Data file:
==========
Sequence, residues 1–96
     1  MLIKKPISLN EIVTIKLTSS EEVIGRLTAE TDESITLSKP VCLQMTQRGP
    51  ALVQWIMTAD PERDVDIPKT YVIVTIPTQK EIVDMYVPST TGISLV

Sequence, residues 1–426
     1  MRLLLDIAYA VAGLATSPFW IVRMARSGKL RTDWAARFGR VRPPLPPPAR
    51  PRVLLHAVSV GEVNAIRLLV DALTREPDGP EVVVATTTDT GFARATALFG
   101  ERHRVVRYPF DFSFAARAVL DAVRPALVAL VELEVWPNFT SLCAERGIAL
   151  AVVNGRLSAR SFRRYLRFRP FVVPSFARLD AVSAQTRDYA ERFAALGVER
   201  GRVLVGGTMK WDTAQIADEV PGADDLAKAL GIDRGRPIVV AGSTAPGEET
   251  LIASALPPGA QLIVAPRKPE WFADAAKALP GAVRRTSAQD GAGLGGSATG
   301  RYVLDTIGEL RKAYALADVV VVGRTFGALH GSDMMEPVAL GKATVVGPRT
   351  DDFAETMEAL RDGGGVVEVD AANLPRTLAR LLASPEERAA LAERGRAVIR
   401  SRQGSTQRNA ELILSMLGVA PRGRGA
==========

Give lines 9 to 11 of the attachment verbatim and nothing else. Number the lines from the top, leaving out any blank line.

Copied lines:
   201  GRVLVGGTMK WDTAQIADEV PGADDLAKAL GIDRGRPIVV AGSTAPGEET
   251  LIASALPPGA QLIVAPRKPE WFADAAKALP GAVRRTSAQD GAGLGGSATG
   301  RYVLDTIGEL RKAYALADVV VVGRTFGALH GSDMMEPVAL GKATVVGPRT